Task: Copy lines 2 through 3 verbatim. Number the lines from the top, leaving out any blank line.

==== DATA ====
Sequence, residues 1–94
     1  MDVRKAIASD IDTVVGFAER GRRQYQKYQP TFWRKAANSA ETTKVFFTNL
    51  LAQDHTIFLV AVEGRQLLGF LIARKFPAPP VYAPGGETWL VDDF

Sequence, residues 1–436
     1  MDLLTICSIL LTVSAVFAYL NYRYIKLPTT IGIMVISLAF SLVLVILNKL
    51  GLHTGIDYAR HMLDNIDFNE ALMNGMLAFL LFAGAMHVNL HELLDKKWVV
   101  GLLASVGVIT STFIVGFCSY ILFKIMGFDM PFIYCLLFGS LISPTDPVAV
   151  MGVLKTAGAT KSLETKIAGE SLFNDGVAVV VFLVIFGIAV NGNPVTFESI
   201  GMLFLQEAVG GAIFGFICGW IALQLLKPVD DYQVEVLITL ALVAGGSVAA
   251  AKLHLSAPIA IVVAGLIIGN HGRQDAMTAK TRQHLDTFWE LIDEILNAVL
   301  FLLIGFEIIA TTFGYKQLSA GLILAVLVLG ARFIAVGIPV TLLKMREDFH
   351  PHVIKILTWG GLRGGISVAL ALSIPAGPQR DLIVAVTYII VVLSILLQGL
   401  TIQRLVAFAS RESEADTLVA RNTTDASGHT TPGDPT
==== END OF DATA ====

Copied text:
     1  MDVRKAIASD IDTVVGFAER GRRQYQKYQP TFWRKAANSA ETTKVFFTNL
    51  LAQDHTIFLV AVEGRQLLGF LIARKFPAPP VYAPGGETWL VDDF